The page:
Suffolk: Deputy leader Lisa Chambers to take charge of education
- Credit: Archant
SUFFOLK’S determination to put school improvement at the top of the county’s political agenda has been shown by new deputy leader Lisa Chambers becoming its education spokeswoman.
Mrs Chambers will take over as cabinet member for schools, young people, and lifelong learning in the new cabinet which is due to be endorsed by the annual county council meeting on May 23.
And she insisted that improving schools in the county – which has been slipping down the national league tables for several years – will remain the council’s top priority.
Although both she and her children were educated in the three-tier system in the Forest Heath area, she said it was vital to press ahead with the controversial Schools Organisation Review (SOR).
Mrs Chambers has two children. Her 16-year-old daughter is preparing to take GCSEs and her 13-year-old son has just started at high school having been caught in the transition from three to two-tier schools in the area.
She said: “I understand the concerns about the changes. My son was caught in the transition, but the support he had from the schools and teachers has been exceptional and helped to make the whole process much better.”
Mrs Chambers has been involved in the decision-making process leading to the school changes since it started.
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“I joined the PDP (Policy Development Panel) looking at schools’ organisation soon after I joined the council back in about 2007.
“I had been educated in three-tier schools and it had worked well for me – and my children were in the system. But the more we looked at the facts and the results, the more convinced I became that it was right to make the change.”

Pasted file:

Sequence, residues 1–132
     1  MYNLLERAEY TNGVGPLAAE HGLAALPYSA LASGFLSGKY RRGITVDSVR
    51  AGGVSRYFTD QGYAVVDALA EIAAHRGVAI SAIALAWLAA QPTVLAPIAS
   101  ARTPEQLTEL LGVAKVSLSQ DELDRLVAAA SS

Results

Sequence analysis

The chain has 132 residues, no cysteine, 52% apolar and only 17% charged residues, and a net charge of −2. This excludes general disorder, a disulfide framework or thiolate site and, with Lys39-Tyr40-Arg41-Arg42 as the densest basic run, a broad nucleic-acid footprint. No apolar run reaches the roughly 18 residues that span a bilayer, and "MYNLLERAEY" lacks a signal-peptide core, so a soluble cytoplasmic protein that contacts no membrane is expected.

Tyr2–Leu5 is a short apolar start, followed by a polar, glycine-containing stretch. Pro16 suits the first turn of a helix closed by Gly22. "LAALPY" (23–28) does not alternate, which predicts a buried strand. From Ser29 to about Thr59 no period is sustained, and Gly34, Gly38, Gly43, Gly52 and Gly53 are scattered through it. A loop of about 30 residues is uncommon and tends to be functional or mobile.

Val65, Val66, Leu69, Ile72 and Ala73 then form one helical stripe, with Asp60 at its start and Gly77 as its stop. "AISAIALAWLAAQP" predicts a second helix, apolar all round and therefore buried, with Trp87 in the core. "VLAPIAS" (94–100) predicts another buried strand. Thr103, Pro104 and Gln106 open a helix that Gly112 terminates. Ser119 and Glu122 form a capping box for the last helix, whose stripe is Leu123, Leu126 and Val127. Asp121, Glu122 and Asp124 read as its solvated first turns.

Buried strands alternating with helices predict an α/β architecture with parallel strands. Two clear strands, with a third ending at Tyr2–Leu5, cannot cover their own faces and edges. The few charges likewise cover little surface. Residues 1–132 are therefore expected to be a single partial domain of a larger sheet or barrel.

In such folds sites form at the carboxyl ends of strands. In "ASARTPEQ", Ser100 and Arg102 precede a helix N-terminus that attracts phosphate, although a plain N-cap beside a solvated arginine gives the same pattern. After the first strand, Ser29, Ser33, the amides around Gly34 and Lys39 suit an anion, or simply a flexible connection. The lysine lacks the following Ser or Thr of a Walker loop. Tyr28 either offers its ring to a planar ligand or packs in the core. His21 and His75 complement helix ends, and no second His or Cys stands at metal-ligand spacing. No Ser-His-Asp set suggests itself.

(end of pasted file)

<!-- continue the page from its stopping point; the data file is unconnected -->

Although the SOR is probably the most controversial issue surrounding schools in Suffolk, the position of the county’s schools in the national league table has led to the establishment of the “Raising the Bar” programme aimed at improving school performance and the aspirations of students.
A report has been produced by Matthew Taylor of the Royal Society of Arts and that is due to be published within the next few weeks.
Mrs Chambers said: “I’ve been involved in all the discussions about Raising the Bar, and I’ve been talking to Graham (Newman, education spokesman in the last cabinet) to bring me right up to speed.
“Graham did a great job in difficult circumstances – I’m looking forward to the challenge over the next few years.”
However the role was likely to continue to evolve – the increasing number of academies and free schools which are outside direct local authority control is likely to be a significant factor over the next few years.
Mrs Chambers said: “We have to work with academies and free schools to try to ensure they continue to be fully engaged with the Raising the Bar programme – the days when all schools’ policy was fixed by the county council is over.”
Mrs Chambers’ responsibilities range beyond schools to young people’s social services and life-long learning – a particular interest of hers.
“I am passionate about the value of training whatever stage you are at – if there’s a training course for cabinet education members, I’ll be the first to sign up!” she said.
Mrs Chambers’ appointment means there is now a new team running children’s services at the county council.
Sue Cook joined the authority as director of children and young people’s services in February – and has been preparing for the publication of the Raising the Bar proposals in the summer.
Mr Newman remains in the cabinet and takes over the roads and transport job – a role he is very enthusiastic about.
He is a member of the East Suffolk Travellers’ Association and has had an interest in transport matters for many years.